guard let mimeType = response?.mimeType, mimeType.starts(with: "image/") else { return }

Test your work - add some diagnostic print() statements, and/or use the debugger, to see what happens with each cell that gets created in the table view cell building code, when you run the app (on the simulator or on a device).

Detail scene implementation

From the Apple Human Interface Guidelines:

A Detail Disclosure button opens a view—typically, a modal view—containing additional information or functionality related to a specific item onscreen. Although you can use them in any type of view, Detail Disclosure buttons are commonly used in tables to access information about specific rows.

The detail accessory’s appearance is ⓘ, and looks like the following when used on a table view:

Detail accessory

As you have previously learned, if a user taps on the detail accessory, a “detail” scene appears modally. Alternatively, if the user taps anywhere else on the row, the row’s action happens (which is typically a disclosure drill-down or work flow segue).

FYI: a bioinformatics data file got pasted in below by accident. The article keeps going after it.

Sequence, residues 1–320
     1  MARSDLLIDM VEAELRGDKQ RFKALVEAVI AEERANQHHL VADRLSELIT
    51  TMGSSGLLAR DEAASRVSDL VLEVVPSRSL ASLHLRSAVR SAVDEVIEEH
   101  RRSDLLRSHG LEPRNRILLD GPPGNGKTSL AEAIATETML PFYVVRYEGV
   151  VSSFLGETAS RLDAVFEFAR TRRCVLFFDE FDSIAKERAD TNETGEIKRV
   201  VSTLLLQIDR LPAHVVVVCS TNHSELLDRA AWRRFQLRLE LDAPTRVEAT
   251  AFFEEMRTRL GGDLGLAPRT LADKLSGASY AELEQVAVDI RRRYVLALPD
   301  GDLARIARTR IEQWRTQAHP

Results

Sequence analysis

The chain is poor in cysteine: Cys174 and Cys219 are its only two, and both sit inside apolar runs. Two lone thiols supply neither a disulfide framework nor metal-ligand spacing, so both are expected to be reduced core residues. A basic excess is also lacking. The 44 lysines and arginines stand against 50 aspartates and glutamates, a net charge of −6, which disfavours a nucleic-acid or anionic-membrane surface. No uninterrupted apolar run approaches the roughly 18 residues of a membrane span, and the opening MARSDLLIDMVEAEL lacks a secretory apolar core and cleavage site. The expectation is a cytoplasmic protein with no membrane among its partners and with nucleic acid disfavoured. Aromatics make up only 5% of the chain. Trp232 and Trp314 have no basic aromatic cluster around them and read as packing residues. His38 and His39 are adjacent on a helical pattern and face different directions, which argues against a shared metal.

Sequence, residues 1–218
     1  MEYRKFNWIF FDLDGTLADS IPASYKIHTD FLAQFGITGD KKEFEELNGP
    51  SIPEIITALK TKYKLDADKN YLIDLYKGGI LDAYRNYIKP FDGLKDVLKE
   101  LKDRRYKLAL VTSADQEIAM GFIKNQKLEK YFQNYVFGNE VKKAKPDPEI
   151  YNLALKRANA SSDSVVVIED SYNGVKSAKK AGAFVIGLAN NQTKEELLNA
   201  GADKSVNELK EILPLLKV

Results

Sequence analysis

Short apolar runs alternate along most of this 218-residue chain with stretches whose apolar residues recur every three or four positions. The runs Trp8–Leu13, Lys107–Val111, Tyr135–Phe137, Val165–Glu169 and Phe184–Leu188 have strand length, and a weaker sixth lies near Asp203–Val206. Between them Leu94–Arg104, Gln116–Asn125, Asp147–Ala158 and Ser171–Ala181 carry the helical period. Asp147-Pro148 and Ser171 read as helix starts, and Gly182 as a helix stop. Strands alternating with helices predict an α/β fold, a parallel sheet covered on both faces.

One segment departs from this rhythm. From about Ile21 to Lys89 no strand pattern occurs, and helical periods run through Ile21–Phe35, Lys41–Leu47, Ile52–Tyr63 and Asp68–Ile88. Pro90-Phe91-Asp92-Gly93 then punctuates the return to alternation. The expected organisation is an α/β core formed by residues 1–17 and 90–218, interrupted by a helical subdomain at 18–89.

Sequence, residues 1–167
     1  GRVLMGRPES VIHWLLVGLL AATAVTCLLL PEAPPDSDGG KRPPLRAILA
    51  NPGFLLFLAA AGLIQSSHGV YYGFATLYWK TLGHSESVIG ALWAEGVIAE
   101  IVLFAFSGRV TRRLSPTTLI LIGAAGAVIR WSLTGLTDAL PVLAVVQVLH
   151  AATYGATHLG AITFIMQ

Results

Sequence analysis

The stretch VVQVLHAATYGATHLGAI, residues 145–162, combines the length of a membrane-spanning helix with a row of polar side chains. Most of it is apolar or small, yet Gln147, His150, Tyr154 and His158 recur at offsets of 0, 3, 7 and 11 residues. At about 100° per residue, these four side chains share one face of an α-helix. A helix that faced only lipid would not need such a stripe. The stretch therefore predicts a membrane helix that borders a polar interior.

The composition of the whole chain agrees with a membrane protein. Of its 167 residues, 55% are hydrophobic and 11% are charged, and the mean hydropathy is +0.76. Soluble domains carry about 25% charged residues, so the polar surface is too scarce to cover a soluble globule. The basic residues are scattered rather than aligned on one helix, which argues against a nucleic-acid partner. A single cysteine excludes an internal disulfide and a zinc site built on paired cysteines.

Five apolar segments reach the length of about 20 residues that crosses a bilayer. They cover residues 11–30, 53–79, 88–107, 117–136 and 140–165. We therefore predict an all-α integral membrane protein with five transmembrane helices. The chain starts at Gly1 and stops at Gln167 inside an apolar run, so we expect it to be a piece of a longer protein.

In this section, you will implement a “detail” scene. Similar to an “add new” scene, and an “edit existing” scene, it will be presented modally. That means that its scene will be embedded in a nav controller. And, its controller will use a protocol.

Have you seen this “detail” technique before?
Maybe yes, if you studied and reproduced the code examples.
The week 5 “nav add” code example includes a typical implementation (in the ProductDetail controller).

Here is a short video clip (which you can view in the Safari browser) that shows this user interaction:

View this in the Safari browser

General technique

Here’s a brief point-form list of tasks that must be done to implement the detail scene:

Then test. It should behave in a way that’s similar to the short video clip above.

Content (detail) to display

But wait - there’s more.

In the detail controller, send a request to The Cat API for information about the breed. (You did this above, when you coded the “update photo” task.)

You probably noticed a rich collection of data in the top-level breeds array of the returned object. You didn’t care about that data before, but now you do. On this detail scene, display at least these data item values: